The jury is out on whether the humble alphanumeric password is dead, but the popularity of '123456', 'password' and 'qwerty' doesn't exactly breed confidence. Cue biometrics, in the form of a fingerprint sensor on an iPhone to power Apple Pay. But such 'static' biometrics is last year's tech…
What is static biometrics?
It's all fingers, faces, eyes and even ears, with the theory going that while a credit card number, a password or a PIN number can be stolen, something unique to your body cannot.
Nobody is going to steal your face (although it does change over time, reducing accuracy), but like all static biometrics, there are serious shortcomings. For starters, fingerprint sensors and face recognition tech only tends to be on high-end smartphones, such as the latest iPhone and Samsung Galaxy S devices. Such phones are popular in certain markets, but they're certainly not ubiquitous, and the biometric systems themselves use proprietary technology that limits their use.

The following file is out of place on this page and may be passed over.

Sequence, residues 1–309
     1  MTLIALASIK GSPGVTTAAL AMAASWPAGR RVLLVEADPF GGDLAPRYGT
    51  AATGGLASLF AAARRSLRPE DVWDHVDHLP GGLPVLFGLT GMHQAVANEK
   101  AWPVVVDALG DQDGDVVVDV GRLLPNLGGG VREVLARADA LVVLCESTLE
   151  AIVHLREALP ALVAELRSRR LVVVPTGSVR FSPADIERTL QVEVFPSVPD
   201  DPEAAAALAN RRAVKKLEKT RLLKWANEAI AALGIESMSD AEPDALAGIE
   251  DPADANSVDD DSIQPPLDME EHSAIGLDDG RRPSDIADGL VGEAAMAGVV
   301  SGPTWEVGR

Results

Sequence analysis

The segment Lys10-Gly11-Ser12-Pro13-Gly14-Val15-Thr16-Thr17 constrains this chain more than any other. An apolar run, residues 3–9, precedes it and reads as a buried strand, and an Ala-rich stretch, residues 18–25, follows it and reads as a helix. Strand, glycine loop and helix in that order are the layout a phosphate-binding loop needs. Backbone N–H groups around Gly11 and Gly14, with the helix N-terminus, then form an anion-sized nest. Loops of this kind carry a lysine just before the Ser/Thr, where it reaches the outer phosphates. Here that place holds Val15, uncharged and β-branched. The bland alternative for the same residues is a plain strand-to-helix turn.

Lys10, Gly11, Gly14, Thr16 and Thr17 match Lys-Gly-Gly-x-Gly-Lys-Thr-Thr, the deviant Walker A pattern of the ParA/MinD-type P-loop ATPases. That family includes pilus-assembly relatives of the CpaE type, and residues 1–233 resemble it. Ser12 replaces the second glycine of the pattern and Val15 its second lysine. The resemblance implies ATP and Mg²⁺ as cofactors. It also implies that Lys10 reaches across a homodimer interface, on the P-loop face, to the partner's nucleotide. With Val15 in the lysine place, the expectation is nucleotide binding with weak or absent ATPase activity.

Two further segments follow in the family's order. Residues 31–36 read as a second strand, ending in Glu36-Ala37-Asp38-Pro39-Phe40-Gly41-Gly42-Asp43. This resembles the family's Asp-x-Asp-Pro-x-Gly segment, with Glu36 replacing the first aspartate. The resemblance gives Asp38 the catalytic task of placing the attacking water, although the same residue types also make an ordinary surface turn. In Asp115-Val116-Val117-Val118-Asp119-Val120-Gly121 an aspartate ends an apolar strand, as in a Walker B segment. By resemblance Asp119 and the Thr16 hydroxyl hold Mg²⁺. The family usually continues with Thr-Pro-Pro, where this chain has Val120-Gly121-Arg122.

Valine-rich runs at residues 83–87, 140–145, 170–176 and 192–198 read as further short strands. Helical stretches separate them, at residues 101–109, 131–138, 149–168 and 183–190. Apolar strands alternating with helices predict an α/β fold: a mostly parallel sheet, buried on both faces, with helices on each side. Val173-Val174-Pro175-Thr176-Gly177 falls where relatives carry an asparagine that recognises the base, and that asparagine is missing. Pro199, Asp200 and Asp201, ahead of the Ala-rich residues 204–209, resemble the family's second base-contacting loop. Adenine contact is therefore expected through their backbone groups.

As well as requiring significant hardware, static – also known as physical – biometrics don't offer ongoing security. You face or finger might get you into your phone to do a spot of internet banking, but is it still you using the handset five minutes later? The banks need constant reassurance of your identification, which is why they're turning to a new technology that monitors the way you use your phone, whatever the model. This is behavioural biometrics, and it's devastatingly simple.
What is behavioural biometrics?
The search is on to find a uniquely identifying characteristic not of what you are, but of what you do. An example is gait – analyse someone's walking style and you can easily determine their identity. However, that's not going to work on a smartphone. The next example is rather ironic; a person's signature – once the only security layer in banking – can be analysed since exact handwriting style is unique to everyone. It's possible that devices could soon analyse the speed, style and exact position on the screen of how you sign your name, probably using a stylus.
However, it's the recognition and analysis of something all of us do all the time on our smart devices that is quickly gaining traction as a new way of establishing identity. Some banks are turning to typing recognition on smartphones as an extra layer of security against fraud, and Google is showing an interest, too.